It’s All About Content Flow
Meanwhile, YouTube, owned by Google, showed a 4K streaming demo of its own.
Speaking of content streaming, one of the most headline-making, potentially disruptive announcements at CES came from an unlikely source: the WWE. The professional wrestling outfit, at a CES press conference at the Wynn Las Vegas, announced the upcoming launch of the WWE Network. The network is an “over the top,” streaming-only offering which, for $9.99 a month, will bring original programming, thousands of hours of archived video and monthly pay-per-view events to subscribers, through PlayStation, Xbox, Roku, iOS and Android devices. If it’s successful and widely imitated, the WWE Network has a real chance of seriously disrupting the business model of cable television.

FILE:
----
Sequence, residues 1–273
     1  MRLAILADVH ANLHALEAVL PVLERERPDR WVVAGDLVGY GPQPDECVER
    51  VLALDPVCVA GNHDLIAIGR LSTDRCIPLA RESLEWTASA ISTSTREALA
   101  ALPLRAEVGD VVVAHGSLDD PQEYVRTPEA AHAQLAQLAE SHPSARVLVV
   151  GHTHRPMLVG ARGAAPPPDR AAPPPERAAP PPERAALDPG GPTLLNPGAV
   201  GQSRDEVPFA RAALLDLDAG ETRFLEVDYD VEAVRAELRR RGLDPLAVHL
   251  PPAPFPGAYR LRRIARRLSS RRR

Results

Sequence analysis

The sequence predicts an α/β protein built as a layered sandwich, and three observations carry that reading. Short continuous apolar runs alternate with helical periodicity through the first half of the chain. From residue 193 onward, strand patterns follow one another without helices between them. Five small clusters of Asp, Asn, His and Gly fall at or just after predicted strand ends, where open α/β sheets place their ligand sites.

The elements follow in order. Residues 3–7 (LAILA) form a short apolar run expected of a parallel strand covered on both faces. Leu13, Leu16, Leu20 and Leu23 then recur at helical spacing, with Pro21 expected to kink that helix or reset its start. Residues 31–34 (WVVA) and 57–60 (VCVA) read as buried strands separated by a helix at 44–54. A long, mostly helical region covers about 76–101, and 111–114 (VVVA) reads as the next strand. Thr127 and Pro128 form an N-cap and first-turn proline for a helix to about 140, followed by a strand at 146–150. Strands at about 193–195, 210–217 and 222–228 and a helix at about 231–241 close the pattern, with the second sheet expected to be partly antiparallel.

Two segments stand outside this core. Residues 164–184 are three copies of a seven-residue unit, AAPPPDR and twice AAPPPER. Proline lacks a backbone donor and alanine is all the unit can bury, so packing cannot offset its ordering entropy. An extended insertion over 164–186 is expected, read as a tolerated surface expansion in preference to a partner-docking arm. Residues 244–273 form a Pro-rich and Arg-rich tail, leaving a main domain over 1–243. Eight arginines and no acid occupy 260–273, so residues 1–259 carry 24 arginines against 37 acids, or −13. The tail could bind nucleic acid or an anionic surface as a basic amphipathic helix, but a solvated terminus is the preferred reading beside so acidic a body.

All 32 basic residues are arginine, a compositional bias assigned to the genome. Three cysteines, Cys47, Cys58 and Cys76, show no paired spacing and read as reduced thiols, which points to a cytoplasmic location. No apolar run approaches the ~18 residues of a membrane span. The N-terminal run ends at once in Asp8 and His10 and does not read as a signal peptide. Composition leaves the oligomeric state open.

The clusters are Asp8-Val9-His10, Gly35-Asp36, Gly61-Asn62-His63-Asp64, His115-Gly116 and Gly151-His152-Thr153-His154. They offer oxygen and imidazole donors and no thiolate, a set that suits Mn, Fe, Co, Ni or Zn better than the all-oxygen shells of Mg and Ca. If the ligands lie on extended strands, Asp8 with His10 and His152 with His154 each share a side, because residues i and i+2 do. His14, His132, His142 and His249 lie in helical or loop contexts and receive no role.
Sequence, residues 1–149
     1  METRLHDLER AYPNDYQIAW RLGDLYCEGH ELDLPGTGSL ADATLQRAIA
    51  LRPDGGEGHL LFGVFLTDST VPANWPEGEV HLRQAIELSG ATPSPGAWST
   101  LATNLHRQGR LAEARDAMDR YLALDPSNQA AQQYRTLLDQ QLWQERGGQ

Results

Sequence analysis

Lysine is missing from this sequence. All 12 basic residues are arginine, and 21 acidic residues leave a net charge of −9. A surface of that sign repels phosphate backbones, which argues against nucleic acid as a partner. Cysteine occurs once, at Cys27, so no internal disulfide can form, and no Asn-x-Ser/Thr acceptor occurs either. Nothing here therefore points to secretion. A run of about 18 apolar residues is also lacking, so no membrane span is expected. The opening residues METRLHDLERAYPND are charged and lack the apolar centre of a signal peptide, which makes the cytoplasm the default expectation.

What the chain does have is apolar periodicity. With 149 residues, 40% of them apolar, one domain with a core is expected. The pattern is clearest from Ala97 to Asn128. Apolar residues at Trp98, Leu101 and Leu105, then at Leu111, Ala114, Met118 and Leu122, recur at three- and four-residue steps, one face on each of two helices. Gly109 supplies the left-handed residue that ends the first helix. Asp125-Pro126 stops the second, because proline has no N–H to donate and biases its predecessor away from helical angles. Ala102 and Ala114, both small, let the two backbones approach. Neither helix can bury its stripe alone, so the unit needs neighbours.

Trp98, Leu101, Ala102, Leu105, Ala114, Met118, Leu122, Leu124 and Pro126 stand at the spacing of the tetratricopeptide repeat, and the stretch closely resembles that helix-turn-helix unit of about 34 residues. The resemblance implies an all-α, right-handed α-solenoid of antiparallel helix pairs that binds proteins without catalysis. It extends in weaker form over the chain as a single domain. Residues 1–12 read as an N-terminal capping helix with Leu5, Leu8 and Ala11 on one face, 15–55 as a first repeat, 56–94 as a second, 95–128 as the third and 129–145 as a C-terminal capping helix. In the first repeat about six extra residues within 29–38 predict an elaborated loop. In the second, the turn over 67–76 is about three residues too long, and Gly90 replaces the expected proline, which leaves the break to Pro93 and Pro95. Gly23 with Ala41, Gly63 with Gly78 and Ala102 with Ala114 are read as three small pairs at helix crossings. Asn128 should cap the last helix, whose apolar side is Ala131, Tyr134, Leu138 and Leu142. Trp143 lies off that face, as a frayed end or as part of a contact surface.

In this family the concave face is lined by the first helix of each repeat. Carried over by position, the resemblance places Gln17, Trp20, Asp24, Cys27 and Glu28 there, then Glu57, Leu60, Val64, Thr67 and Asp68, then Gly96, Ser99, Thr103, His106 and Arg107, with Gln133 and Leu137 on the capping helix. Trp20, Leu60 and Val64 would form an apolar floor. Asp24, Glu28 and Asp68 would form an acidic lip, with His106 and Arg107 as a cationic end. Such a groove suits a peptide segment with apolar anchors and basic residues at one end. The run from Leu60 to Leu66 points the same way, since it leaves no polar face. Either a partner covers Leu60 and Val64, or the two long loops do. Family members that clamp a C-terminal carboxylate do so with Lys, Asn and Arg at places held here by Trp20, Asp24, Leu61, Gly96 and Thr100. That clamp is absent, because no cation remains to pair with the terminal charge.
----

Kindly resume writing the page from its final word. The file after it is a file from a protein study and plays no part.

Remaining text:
And after the show, you guessed it: The first announcement was made about large-scale production of pornography in 4K.
On the hardware side, one big surprise was the move by Roku, one of the pioneers of streaming video, to produce a Roku-branded TV. Roku is teaming with manufacturing partners TCL and Hisense to introduce Roku TV, which will bring the company’s streaming functionality to an actual streaming TV. Roku will attempt to succeed where Google TV failed and where Apple TV, as of now, has not yet attempted a move. The Roku TV will be available in 32-, 39-, 40-, 48-, 50- and 55-inch models, with pricing and availability announcements to come later this year.